A cortical dysbalance has a pivotal role in the pathophysiology of migraine. Numerous electrophysiological and transcranial magnetic stimulation (TMS) studies have investigated the interictal excitability level in migraineurs and have shown a consistent lack of habituation during repetitive stimulation. There is some controversy in the current literature over whether this deficit is based on a lowered or an elevated preactivation level. However, the current discussion may be misguided. It seems that multiple external and intrinsic factors influence the level of cortical excitability and the frequency and intensity of attacks: Habituation is specific neither to migraine nor even to pain; the same phenomenon is found in tinnitus patients, for example. Cortical hyperexcitability is presumably the result of chronicity and the concomitant central sensitisation process.

PMID: 18228046


J Neurol Sci. 2008 Jan 15;264(1-2):93-6. Epub 2007 Aug 27.
Clinical correlates of phosphene perception in migraine without aura: an Asian study.
Lo YL, Lum SY, Fook-Chong S, Cui SL, Siow HC.
Department of Neurology, National Neuroscience Institute, Singapore General Hospital, Outram Road, Singapore 169608, Singapore. lo.yew.long[@]sgh.com.sg

INTRODUCTION: Although controversy exists with regard to the presence of hypoexcitability versus hyperexcitability of the visual cortex in migraine patients, there remain a group who do not perceive phosphenes (P-). However, its clinical implications have not been systematically addressed. In this study, we hypothesize that P- patients classified as migraine without aura (MO) have distinct clinical features. METHODS: Twenty-nine Asian MO patients (7 men; mean age: 44; median: 45; range: 25 to 65) were consecutively entered into the study. Visual cortex transcranial magnetic stimulation (TMS) was performed in the migraine interictum. RESULTS: Of the 19 patients, 19 (66%) were able to perceive phosphenes (P+), while 10 (34%) were not able to after repeated TMS (P-). P- patients had significantly higher headache frequency (p=0.008) and pain score (p=0.002) compared with P+ patients. In addition, there was significant positive correlation of phosphene threshold with pain score (r=0.52, p=0.02) in P+ patients. There was no significant difference between P+ and P- patients in terms of age (t-test, p=0.6). CONCLUSIONS: Our study is inkeeping with the hypothesis that interictal visual cortex excitability is reduced in relation to the severity of migraine in Asian MO patients, and lack of phosphene perception may be related to significantly elevated thresholds beyond the output of TMS stimulators.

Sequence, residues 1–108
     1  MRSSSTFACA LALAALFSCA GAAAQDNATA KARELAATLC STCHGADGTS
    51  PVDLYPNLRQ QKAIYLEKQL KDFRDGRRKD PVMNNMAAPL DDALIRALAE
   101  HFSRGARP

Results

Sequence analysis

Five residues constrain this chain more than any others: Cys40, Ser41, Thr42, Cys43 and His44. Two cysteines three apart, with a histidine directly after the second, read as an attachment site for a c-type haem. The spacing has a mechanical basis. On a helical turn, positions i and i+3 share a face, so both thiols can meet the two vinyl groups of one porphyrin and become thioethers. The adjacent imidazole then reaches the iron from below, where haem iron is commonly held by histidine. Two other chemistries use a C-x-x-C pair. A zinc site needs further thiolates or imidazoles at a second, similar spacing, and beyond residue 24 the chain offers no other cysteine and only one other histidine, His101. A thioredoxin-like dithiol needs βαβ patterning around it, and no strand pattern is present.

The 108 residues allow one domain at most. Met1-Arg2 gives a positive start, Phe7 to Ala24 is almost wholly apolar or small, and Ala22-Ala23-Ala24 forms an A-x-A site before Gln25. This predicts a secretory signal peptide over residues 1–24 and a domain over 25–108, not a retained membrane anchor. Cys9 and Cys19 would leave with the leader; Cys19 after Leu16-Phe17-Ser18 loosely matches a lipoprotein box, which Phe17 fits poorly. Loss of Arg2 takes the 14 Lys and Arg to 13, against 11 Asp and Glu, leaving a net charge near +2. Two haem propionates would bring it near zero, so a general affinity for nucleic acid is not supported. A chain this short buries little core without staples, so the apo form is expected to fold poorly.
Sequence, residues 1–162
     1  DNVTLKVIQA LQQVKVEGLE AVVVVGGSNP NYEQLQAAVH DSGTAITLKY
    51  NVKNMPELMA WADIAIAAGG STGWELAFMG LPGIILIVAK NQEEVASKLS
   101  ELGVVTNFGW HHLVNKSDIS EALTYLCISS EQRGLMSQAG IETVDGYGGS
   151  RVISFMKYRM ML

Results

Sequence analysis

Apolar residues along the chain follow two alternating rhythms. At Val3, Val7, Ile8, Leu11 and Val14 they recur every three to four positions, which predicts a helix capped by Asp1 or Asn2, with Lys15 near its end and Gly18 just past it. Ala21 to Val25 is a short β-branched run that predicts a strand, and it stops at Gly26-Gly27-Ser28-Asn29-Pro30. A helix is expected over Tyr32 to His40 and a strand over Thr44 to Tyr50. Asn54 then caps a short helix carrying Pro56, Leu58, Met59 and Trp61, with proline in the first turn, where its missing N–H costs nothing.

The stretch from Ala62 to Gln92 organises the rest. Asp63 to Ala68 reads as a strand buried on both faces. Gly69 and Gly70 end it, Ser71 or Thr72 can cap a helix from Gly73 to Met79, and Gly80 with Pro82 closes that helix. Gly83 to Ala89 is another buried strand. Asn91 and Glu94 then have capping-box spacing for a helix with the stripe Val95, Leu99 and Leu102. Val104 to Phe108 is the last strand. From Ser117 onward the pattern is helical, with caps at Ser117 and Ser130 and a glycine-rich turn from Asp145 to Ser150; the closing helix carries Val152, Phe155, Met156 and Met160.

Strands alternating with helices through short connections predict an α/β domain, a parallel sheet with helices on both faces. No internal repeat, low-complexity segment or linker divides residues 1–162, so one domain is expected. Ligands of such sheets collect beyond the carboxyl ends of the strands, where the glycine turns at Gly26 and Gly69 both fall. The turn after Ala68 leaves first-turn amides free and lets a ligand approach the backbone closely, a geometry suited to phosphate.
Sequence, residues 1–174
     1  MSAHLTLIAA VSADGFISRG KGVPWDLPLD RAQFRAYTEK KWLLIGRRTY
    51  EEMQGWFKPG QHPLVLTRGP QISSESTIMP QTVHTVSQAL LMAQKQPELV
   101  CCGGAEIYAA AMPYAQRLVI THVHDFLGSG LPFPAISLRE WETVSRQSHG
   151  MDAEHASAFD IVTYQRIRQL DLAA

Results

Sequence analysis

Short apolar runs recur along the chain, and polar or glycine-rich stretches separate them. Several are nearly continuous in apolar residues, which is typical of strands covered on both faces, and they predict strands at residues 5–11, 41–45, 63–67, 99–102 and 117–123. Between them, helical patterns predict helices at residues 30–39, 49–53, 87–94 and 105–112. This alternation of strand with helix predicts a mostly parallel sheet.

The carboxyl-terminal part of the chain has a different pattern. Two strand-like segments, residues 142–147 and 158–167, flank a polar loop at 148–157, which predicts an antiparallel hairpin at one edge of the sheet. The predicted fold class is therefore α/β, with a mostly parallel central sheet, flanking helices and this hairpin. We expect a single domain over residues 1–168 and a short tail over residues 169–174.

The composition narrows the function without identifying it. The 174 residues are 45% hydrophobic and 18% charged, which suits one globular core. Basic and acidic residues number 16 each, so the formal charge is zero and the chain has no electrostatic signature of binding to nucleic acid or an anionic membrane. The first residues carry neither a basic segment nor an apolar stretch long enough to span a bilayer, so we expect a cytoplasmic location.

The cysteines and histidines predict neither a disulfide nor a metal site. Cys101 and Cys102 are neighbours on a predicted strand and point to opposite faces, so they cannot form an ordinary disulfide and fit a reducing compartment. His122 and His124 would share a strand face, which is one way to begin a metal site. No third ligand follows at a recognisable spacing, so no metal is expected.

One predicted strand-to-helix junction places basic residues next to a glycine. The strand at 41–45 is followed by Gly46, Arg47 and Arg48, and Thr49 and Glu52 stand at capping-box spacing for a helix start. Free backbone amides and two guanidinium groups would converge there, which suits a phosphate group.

PMID: 17720202


CNS Spectr. 2007 Dec;12(12):921-5.